One of the biggest roadblocks for me getting work done is procrastination…
A helpful resource is Tips For Overcoming Procrastination
by Ramona Creel.
ACT AFTER YOU PLAN
Star with a written plan of action to avoid getting distracted. Keep your plan simple and straightforward.
• Start with the one thing you must get done today to feel productive. It should be a manageable item you can complete in 10-15 minutes.
• Break the day up into a number of “action sessions” for other tasks.
• Balance the time spent planning with time spent creating or doing.
• Avoid over-planning — another method of procrastination.
• Before ending your day, spend 10 minutes reviewing your progress.
• Take time to plan your actions for the next day.
Your tasks should match your values or purpose. If not, you will find it hard to summon the energy to tackle them.
• Bring each task into congruence (agreement/harmony) with your
basic mission. If you can’t, take it off of your list.
Don’t put any “to-do” on your list that takes more than 30 minutes. If it takes longer, it’s actually a series of smaller “to-do’s”
• Break each step out and list it separately. You don’t have to tackle all the steps of a project in one sitting.
• Spread a large task out over several work sessions. You will see greater progress as you check more items off your list. You will avoid getting bogged down in one large task or project.
DECIDE TO SCHEDULE IT
Determine how much you can do or tolerate at a time.
• Don’t push yourself too far or you’ll get bored or frustrated.
• Plan these project “pieces” into your daily activities.
• Set a “completion point” for accomplishing each small task.
• Completion points give you an end in sight to look forward to.
GOOD ENOUGH IS GOOD ENOUGH
Don’t try to do everything perfectly. Perfectionism often causes procrastination.Perfectionists would rather put it off than do an incomplete job.
• Rather than perfection, aim for progress.
Any small step toward completion is an accomplishment.
JUST DO IT
Do the worst job (or part of the job) first and get it out of the way. Once you tackle the part you are dreading, the rest is a breeze.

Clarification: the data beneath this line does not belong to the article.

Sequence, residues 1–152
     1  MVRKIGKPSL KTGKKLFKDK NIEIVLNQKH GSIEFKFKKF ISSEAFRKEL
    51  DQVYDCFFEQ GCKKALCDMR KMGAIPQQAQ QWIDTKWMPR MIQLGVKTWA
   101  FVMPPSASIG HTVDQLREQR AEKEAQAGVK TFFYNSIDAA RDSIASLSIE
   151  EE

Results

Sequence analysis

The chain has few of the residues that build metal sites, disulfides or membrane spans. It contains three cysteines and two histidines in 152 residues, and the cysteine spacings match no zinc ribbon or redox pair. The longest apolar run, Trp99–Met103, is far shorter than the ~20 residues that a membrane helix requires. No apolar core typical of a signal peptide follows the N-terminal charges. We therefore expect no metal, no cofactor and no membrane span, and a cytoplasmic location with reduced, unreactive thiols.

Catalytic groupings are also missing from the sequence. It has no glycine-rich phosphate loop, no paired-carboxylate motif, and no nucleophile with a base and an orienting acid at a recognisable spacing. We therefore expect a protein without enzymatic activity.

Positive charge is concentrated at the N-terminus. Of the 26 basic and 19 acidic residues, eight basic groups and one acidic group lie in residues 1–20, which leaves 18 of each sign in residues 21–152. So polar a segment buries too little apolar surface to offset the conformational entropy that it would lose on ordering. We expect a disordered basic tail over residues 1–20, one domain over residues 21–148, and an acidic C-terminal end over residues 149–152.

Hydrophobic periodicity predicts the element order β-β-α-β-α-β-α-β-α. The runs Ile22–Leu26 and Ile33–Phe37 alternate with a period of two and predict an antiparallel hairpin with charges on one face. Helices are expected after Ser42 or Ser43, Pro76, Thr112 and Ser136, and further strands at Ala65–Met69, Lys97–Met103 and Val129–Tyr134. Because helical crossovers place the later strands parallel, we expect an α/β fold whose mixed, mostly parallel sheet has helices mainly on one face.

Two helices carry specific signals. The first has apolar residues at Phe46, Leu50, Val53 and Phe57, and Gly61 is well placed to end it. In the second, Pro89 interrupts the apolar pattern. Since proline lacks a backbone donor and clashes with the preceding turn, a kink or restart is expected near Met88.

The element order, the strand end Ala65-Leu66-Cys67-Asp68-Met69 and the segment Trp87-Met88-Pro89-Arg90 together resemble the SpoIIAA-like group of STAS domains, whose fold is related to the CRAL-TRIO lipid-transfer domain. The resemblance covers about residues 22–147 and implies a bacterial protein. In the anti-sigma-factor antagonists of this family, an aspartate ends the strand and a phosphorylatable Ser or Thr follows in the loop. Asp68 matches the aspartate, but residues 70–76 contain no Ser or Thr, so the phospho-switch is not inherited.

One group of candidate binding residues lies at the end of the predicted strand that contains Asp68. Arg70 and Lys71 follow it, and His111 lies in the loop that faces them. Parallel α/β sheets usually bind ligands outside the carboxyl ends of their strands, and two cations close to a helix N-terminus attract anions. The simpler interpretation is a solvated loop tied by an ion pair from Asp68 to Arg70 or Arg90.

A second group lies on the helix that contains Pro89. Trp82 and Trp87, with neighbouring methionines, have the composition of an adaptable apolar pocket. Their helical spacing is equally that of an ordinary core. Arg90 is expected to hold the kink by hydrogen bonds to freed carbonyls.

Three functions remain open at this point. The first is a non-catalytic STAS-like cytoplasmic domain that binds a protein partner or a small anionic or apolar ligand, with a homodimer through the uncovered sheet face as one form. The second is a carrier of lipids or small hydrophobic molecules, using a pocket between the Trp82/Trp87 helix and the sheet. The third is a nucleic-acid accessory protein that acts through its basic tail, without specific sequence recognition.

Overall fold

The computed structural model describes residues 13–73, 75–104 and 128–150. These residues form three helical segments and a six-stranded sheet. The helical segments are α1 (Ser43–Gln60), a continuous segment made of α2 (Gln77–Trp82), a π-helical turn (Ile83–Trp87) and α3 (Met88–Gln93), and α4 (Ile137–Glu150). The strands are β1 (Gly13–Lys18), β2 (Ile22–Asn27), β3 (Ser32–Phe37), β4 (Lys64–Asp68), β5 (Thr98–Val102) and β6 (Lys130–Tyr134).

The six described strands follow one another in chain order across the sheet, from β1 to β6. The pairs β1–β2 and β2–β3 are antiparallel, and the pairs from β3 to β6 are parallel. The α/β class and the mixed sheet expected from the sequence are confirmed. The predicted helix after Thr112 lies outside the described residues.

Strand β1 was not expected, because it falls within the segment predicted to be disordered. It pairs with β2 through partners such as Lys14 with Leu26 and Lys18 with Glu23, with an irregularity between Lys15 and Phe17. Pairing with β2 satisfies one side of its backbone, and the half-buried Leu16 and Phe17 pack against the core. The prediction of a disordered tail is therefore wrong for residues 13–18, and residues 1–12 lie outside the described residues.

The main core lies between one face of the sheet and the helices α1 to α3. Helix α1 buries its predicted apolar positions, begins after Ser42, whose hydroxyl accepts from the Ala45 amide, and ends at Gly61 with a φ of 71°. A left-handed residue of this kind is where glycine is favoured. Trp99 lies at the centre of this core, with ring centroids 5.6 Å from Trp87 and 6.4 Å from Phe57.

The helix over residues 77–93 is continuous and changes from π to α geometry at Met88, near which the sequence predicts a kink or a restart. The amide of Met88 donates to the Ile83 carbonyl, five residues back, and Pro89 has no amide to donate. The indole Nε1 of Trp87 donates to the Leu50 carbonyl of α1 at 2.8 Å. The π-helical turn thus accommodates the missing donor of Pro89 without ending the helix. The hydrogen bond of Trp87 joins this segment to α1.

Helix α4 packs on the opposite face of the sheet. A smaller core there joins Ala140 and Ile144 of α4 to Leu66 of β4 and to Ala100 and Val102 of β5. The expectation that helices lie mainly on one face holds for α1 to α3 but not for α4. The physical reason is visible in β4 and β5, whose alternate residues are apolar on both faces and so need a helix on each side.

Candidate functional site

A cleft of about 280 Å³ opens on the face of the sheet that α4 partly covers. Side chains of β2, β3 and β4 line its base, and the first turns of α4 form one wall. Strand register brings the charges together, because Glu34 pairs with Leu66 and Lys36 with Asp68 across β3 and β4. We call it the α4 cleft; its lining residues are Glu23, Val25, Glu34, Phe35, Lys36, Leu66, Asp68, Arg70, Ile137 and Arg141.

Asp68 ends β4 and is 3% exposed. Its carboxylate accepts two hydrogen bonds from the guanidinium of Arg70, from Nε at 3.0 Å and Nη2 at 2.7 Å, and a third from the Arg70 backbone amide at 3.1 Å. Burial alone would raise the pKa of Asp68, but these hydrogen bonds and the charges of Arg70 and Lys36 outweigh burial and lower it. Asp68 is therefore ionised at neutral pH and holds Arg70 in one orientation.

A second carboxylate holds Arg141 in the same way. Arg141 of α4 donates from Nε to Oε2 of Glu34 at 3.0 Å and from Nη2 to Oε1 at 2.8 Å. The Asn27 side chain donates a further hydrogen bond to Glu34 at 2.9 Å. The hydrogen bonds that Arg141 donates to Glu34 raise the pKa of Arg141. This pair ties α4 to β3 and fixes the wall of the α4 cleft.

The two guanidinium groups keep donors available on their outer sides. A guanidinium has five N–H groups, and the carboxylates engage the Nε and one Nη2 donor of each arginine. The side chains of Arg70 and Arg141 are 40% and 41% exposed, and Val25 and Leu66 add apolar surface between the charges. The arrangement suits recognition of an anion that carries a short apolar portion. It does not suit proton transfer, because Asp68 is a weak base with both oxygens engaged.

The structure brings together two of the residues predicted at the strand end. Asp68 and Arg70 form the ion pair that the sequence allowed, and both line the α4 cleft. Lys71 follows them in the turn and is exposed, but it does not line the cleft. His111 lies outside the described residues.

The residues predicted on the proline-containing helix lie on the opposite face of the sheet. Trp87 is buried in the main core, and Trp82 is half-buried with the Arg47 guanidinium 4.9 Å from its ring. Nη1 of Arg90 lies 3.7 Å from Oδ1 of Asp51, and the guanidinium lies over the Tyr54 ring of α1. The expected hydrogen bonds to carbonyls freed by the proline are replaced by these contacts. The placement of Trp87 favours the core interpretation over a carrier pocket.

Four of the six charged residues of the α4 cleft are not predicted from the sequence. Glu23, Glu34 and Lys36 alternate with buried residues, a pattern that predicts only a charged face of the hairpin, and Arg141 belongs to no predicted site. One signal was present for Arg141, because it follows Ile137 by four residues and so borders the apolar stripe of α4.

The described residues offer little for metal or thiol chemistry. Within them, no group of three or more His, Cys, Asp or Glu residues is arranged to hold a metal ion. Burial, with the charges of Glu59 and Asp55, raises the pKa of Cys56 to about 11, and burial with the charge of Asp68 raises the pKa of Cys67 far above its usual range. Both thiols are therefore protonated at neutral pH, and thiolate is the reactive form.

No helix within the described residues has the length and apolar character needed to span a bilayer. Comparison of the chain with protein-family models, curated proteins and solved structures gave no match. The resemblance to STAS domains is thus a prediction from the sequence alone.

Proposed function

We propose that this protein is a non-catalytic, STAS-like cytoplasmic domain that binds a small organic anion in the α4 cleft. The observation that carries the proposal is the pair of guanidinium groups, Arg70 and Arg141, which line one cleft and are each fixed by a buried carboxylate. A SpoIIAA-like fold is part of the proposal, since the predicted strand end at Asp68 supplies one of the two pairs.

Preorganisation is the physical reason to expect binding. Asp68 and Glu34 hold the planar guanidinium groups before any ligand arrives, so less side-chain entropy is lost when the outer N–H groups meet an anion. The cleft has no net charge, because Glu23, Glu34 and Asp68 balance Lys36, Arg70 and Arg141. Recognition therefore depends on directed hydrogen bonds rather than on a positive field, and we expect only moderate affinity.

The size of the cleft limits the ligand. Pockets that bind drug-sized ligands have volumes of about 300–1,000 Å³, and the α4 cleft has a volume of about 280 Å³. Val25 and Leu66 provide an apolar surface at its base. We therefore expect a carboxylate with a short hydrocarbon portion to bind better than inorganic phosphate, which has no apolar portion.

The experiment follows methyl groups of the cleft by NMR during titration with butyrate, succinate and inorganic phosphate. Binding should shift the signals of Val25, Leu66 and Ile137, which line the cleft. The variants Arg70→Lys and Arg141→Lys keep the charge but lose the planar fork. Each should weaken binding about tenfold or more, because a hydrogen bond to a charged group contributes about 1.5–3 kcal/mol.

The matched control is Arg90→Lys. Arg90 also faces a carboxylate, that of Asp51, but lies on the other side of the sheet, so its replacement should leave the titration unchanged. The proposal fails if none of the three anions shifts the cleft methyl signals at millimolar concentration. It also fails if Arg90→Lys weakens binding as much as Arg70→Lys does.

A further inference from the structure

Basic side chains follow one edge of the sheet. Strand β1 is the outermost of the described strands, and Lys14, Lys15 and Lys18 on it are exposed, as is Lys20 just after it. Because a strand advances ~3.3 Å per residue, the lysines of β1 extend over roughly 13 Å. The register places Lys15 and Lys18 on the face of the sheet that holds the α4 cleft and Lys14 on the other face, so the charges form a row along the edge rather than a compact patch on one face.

• Stop spending time planning and just jump into doing it.
• Set a time limit — “I’ll file papers for 5 minutes.”
• Alternate unpleasant jobs with tasks you enjoy.
• Delegate out items you can’t make yourself do.
PLAN AROUND INTERRUPTIONS
Interruptions tend to occur in identifiable patterns. Notice when interruptions occur, by whom, and why. Take steps to prevent those interruptions before they occur.
• If they can’t be prevented, learn how to delegate to someone else.
• If they can’t be delegated, learn how to delay until you are finished.
REMEMBER TO MAKE IT FUN
Make the project and environment as pleasant as possible. Play music, open a window, have a cold drink, etc.
• Give yourself the best tools and work space for the project.
Take a few minutes to organize your work space.
A clean desk allows you to focus without visual distraction.
• It’s only a chore if you think of it as a chore.
Find an “accountability partner” to track your progress. Schedule a regular time to check in with a friend or colleague.
• Rewarding your accomplishments encourages productivity.
Give yourself a break, a treat, a nap — whatever is a reward for you.
• Reward every step along the way, not just the end result.
The bigger the accomplishment, the bigger the reward.
Last but not least – if you need something to block the internet so you don’t get distracted by social media and the like, I’d recommend the following app…
This app is for Macs only. There’s one for PC users called Freedom, which is a similar, but I have not had experience using that one personally.
All for now – onwards and upwards…